There are 11 best
practice ideas listed below that have been gathered to date. Others will
be added as they become available. Specifically, the task force is
looking for ways to meet the needs of various geographic groups:
urban/suburban, rural, technology rich, technology poor, etc.
increased when attendees were included in the presentation process
each month; i.e., lead opening, deliver announcements, lead a song,
do the closing minute, etc.
Send monthly email
reminders to leaders at least five to seven days before the
roundtable with information about what is planned for the meeting.
When appropriate, offer attending leaders a chance to register for
upcoming events or activities before the registration is opened to
the rest of the district.
into patrols so that the patrols run much of roundtable, rotating
through responsibilities each month. Communities, if appropriate,
can set up patrols and then elect a patrol leader. A patrol leader’s
council is conducted at the end of each roundtable to go over
assignments for the next month.
Seek input from
participants by conducting quarterly or semiannual
This allows for recognition of those participating and
identification of those not participating, and can lead to tracking
of training needs. Provide nametags for all attendees.
Provide social time
with snacks. Ask a unit to volunteer in advance to bring the snacks.
These can be for pre-meeting or post-meeting as best suits the
for participants to view as part of the pre-meeting. This can often
take the place of major announcements if people with “agendas” to
push are there ahead of the meeting to share information and discuss
programs with participants.
announcement materials to participants pre-meeting in the form of a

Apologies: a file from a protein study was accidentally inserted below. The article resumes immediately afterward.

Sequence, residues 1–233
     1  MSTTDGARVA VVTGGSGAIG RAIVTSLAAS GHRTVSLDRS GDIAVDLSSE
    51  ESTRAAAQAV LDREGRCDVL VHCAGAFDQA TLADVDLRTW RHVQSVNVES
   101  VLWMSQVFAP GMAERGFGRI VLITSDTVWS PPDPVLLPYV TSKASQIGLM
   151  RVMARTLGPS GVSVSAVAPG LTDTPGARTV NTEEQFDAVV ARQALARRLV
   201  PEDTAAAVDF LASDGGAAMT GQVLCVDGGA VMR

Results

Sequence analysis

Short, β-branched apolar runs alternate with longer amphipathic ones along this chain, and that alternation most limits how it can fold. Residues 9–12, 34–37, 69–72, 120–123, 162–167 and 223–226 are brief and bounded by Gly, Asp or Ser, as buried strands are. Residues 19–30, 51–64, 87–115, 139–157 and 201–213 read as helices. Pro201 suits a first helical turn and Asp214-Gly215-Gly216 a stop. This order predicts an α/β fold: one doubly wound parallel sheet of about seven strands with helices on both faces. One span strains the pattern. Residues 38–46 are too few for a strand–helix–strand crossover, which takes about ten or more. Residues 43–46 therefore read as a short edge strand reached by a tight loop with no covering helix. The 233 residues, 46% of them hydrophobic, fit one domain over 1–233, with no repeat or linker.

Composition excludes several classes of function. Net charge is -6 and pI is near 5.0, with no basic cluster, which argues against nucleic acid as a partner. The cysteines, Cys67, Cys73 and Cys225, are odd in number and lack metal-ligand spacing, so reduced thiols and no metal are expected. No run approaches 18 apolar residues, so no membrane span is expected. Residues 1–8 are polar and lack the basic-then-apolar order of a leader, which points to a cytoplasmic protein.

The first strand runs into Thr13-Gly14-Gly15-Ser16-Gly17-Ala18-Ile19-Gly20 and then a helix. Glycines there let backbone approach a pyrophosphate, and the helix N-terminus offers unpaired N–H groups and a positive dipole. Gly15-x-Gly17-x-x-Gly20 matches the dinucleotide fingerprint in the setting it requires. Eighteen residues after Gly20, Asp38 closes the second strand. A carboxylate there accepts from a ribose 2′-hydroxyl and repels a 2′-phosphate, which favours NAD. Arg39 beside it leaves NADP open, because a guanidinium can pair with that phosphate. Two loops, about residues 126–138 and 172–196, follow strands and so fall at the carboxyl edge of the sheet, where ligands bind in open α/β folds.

PowerPoint running (looping) show.
roundtable/forum between the largest communities in the district.
Another option is to hold two roundtables/forums per month in
different geographies of the district if staffing is available.
Quarterly meetings are a third option for this group.
District (covering the Texas and Oklahoma panhandles) of the Golden
Spread Council has quarterly roundtable/forum meetings in three
different communities. Each of the four months that the meetings are
held the team travels to three different locations and puts on a
roundtable in each location. This is not ideal, but considering the
lack of high-speed Internet availability, it at least brings the
message to unit leaders on a somewhat regular basis.
Urban—In some very
urban areas of the East Coast, districts have chosen to have
roundtable/forum meetings at times of the day that best work for
their attendees. Some hold meetings early (from 5:00 to 5:30 p.m.),
so that folks can come from work and then get home in time to have
some family time before children go to bed; others have decided to
have meetings later (from 8:00 to 8:30 p.m.), so that folks can go
home first for dinner and family time and then come to roundtable.